6 Figure 3. Aggregatebased vortex detection algorithm applied to a delta wing with vortex burst: (a) yellow candidate core regions are actual, green are false; and (b) verified core regions. (a) (b) fication based swirl parameter, with the complex structures of the burst vortex clearly evident. Figures 3 and 4 show results generated using the aggregate classification technique. Figure 3a shows the candidate core regions. The yellow aggregated regions are those identified by the classification step as being actual cores; the green aggregated regions failed the verification step. Figure 3b shows the verified core regions enclosed in swirling streamlines. Figure 4 illustrates the verification technique. The cyan vectors in the upper image are the streamline tangents, and the orange vectors are the probe vectors. The probe vectors interrogate the core region for the local core direction vector. The bottom image shows that the projected tangent vectors satisfy the 2π swirling criterion. Figure 4. Verification process for primary vortex, aggregate classification technique. Waveletbased denoising Once we have obtained a feature map, the next step is to filter and rank the ROIs systematically. The visualization process should not accord significance to features that are weak or of small spatial extent. In addition, certain types of features require several grid points for the simulation to adequately resolve them; the visualization should also ignore features that don t meet this criterion. Our basic strategy, which eliminates all these insignificant features, is to accord ROI status only to features that persist over several spatial scales. In other words, we exploit the scale coherence of significant features to determine whether a detected feature is, in fact, an ROI. Once we have denoised the feature map, we can rank the remaining ROIs according to appropriate criteria for example, size, strength, average strength, and so on. A scale space generated by the wavelet transform is even more attractive. Features of small spatial extent, possibly noise, populate the finer scales. However, true features populate several scales. Because our data exploration system employs the wavelet transform, using scalebased denoising was a natural choice. Another study, which used masks derived from the swirl operator to ascribe a saliency, showed that scale space denoising is more powerful than spatial methods that employ JULY/AUGUST 2 27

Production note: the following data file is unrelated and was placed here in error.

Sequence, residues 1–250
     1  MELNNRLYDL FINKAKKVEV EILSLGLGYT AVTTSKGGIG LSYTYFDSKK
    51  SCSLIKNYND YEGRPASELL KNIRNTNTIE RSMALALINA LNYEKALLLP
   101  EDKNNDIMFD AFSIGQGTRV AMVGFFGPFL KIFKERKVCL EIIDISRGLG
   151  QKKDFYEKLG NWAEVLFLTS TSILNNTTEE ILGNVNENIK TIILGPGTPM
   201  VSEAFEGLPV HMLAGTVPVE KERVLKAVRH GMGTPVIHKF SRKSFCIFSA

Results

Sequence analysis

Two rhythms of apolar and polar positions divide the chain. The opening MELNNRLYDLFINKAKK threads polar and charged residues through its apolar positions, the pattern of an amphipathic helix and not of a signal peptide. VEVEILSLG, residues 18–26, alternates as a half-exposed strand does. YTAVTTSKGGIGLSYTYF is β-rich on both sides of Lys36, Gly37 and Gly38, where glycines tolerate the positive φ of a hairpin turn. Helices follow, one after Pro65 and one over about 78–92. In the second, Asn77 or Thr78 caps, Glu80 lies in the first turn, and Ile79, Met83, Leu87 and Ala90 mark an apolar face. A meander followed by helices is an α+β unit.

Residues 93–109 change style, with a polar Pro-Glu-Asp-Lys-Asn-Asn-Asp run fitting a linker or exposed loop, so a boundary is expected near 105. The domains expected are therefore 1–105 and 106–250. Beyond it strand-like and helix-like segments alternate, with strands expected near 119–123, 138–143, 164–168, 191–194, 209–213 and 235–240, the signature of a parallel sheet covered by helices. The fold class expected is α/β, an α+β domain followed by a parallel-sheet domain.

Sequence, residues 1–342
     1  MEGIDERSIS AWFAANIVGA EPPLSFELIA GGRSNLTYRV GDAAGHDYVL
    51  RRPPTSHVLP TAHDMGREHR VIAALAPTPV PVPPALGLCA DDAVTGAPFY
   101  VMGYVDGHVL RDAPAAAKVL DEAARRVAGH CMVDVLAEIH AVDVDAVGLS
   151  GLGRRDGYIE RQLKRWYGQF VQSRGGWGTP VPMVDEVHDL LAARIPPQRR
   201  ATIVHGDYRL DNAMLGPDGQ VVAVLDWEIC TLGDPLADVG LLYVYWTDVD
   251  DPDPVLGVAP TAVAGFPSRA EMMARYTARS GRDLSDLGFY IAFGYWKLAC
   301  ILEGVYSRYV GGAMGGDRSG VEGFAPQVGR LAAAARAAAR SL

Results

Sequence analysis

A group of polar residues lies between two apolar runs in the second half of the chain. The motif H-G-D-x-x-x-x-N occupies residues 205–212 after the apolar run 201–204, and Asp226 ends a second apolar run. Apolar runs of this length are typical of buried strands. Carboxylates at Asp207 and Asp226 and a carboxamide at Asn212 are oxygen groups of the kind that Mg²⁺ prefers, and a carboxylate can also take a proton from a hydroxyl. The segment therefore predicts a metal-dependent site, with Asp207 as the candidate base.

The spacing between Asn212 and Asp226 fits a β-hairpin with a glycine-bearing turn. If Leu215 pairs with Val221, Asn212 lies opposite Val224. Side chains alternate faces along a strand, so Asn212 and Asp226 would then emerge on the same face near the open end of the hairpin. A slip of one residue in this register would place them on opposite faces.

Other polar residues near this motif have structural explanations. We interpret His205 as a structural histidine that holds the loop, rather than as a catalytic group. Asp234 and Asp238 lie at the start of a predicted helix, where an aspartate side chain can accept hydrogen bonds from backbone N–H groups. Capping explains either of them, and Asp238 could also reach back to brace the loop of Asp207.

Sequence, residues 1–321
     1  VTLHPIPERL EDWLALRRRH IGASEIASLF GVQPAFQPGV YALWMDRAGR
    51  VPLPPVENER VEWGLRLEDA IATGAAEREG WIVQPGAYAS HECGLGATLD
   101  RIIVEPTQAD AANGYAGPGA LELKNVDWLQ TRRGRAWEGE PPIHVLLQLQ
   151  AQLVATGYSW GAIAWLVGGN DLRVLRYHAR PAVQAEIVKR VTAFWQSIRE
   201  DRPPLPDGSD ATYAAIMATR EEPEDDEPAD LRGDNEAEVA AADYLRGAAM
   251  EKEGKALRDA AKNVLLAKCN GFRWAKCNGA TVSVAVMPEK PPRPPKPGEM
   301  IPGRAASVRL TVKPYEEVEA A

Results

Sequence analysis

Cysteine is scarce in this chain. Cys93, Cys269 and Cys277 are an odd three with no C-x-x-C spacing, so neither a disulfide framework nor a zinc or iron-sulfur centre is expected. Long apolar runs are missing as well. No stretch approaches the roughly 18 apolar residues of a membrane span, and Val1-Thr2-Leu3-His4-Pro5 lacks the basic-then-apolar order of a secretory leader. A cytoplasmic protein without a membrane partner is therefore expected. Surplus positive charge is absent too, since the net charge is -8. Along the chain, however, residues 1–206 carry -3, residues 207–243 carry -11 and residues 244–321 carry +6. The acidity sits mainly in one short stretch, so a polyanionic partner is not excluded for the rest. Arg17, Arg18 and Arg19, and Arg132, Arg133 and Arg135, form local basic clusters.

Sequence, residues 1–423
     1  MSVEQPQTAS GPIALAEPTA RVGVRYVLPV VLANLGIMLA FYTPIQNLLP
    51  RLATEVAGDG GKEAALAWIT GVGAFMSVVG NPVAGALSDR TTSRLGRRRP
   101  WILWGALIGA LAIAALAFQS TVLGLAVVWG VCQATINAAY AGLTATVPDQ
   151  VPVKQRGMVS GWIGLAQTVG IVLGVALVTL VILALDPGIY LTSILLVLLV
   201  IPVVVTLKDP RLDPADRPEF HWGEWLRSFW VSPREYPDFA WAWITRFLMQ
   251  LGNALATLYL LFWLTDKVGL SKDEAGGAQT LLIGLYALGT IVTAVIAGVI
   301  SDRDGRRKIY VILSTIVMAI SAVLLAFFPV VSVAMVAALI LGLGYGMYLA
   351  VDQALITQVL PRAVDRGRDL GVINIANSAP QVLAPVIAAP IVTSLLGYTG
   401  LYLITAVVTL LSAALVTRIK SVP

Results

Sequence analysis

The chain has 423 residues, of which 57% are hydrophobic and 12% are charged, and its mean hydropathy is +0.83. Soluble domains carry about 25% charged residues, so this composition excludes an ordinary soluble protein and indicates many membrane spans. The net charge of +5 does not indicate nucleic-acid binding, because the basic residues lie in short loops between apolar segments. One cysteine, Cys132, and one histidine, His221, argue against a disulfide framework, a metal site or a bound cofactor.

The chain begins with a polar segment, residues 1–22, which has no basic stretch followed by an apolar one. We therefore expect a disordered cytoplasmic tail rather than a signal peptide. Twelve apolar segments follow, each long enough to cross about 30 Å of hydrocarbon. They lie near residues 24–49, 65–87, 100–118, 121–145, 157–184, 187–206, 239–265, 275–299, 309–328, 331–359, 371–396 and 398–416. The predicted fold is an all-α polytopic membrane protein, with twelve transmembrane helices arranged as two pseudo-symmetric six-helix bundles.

7 size or value as a criterion for rejecting regions as featurepoor. 8 Thus, we rank regions by measuring the persistence of features in the discrete scale space. Multiscale representation To obtain a multiscale representation of the feature map, we apply a discrete wavelet transformation (DWT) to the grid and the field data. Because we are interested in the presence of features in a multiscale representation of the data, we do not apply the wavelet transform directly to the feature maps but, instead, to the field data itself. We then apply the feature detection algorithm at each scale to generate scaledependent binary maps. Then, we combine the binary maps at each scale to generate a single denoised binary map. Because many feature detection algorithms are based on gradients of the field variables, it is critical that the wavelet transform not introduce spurious features. Although denoising the data might seem to be independent of the application, we contend that the denoising procedure itself should preserve certain feature characteristics. For generality, we use physical characteristics including position, shape, and strength (or geometrical characteristics) instead of the features dynamical properties. Our objective is to employ what we term featurepreserving wavelets to generate a multiscale representation of the data. We consider a wavelet featurepreserving if it does not distort geometrical characteristics. Many commonly used wavelet functions do not exhibit favorable feature preservation characteristics. For example, deriving a coarser version of a function can introduce new extrema that can lead to the detection of spurious features. Elsewhere, we ve outlined the design of a family of functions that satisfy certain feature preservation properties in a multiscale setting. 9 We implement these functions as the lowpass analysis filter in a twochannel filter bank. We use a factorization method to determine the other components of the filter bank. Because our focus here is feature mining, we will not elaborate further. However, we do stress that it is important to choose appropriate transforms for feature mining applications. The two wavelets we chose for this application were the linear lifting scheme 10 and a newly developed lifting implementation of a featurepreserving total variation diminishing (TVD) wavelet. 9 Significance map generation We ve already obtained the significance or feature map from either the point classification or the aggregate classification feature mining algorithm. Now we convert this map to a binary form, with a 1 signifying the presence of a feature at a grid point. The multiscale procedure for generating a robust, denoised significance map is as follows. We update the map at the finer scale j using the map at the lower, or coarser, scale j 1. Because of the 2D wavelet transformation s dyadic nature, each grid point (l, k) in scale j 1 corresponds to point (2l, 2k) in scale j. Therefore, if a cell in the coarser scale j 1 is defined by grid points (l, k), (l + 1, k), (l + 1, k + 1), and (l, k + 1), the corresponding cell in the finer scale j is defined by (2l, 2k), (2l + 2, 2k), (2l + 2, 2k + 2), and (2l, 2k + 2). The rules for updating scale j using scale j 1 are as follows: If the map at any of the grid points in scale j 1 is a 0, make the map at the corresponding grid point in scale j a 0. If both the grid points on an edge of the cell in scale j 1 are 0s, make the map at the midpoint on the corresponding edge in scale j a 0. If all four grid points in a cell are 0s in scale j 1, make the map 0 at the midpoint of the corresponding cell in j. Apart from these changes, the rest of the grid points on the map remain unmodified. Thus, features that did not percolate down to the lower scale are marked with 0s. Because we have added no 1s, we haven t created any new features. We apply this procedure recursively over two or more scales that is, we use a denoised map at a lower scale to denoise the higher scale. Examples We implemented and tested a 2D version of this approach using a section of the Naval Layered Ocean Model Pacific Ocean data set. 11 Figure 5a shows the original binary swirl map. Figure 5b shows the swirl map obtained after denoising using the linear lifting wavelet; Figure 5c shows that obtained after denoising using a featurepreserving TVD wavelet. Although it is evident that both filters remove pixels from the maps, visual inspection does not provide a clear indication of the denoising algorithms relative merits. Of 339 original features, featurepreserving wavelet denoising removed 82 features in one level of transform, 116 features in two levels, and 158 features in three levels. On the other hand, the linear lifting wavelet 28 COMPUTING IN SCIENCE & ENGINEERING